The fact that some translations into Judeo-Spanish existed did not bring about a very widespread use of the language in the Synagogue. Indeed, only a relatively small portion of the service was ever chanted in Judeo-Spanish, the majority of the prayers being recited as they are universally in Orthodox synagogues, in Hebrew. Indeed, there was even resistance to the expansion of the use of Judeo-Spanish in the liturgy. We read for example in the Messeret, a popular newspaper of Izmir of the early twentieth century, edited by one of the most prolific writers and translators of the time, Alexander Ben Guiat, an editorial by him dated August 24, 1919 in which he criticizes one of the Synagogues for organizing a choir to sing the piyutim of the High Holidays in "Judezmo." I use this term because this is what he calls the language. He announces that the Congregation Geveret, called in Spanish "La Siniora" because it was founded by a wealthy benefactress, "estan aprontando un coro, el cual, mientres los tres moadim en las oraciones, los piyutim seran cantados en judezmo, en lugar ke siempre hast agora, lo fueron y lo deben ser en lashon hakodesh." He goes on to say that, whereas there may be a section or two of the selihot that were translated into judezmo, this does not indicate that all the piyutim can be translated or should be. The proof he offers, is that if this were so, Russian Jews would have translated them into Russian, Italian Jews into Italian, English Jews into English, etc. They should be sung in the language in which they were inspired, the official language of the Jewish religion, Hebrew. Two weeks later, he writes, after discussing the matter with the lay leaders of the congregations, that the decision to use judezmo in the liturgy was motivated by the need to attract people to attend the services. More and more people are staying away from the services because they don't understand Hebrew, they lamented. Their plan was to first have the Hazan chant the prayer in Hebrew, and then have the choir sing the translation in Spanish. This remedy was approved by Ben Guiat.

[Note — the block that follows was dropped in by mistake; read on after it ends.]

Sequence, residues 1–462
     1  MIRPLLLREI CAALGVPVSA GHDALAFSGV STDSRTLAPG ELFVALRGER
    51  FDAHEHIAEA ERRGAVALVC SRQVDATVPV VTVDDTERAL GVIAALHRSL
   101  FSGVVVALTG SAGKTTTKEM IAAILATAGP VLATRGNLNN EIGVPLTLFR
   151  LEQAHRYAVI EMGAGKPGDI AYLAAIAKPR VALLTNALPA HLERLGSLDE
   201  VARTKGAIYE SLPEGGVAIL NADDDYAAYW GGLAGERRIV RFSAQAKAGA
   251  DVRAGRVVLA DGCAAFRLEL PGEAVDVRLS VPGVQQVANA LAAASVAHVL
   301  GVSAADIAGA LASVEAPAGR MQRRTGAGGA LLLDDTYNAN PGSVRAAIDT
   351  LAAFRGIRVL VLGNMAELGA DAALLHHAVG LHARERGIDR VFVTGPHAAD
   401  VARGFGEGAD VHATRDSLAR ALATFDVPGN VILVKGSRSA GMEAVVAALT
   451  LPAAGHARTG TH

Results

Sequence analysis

Nor is it to be supposed that all prayerbooks contained material in Judeo-Spanish. The Mahzor of Rosh ha-Shanah published in Salonica in 1894 does not contain piyutim in the vernacular though it was published by the Etz ha-Haim society, the very same communal and educational organization that Molho cites as having published the first prayerbook to contain Judeo-Spanish.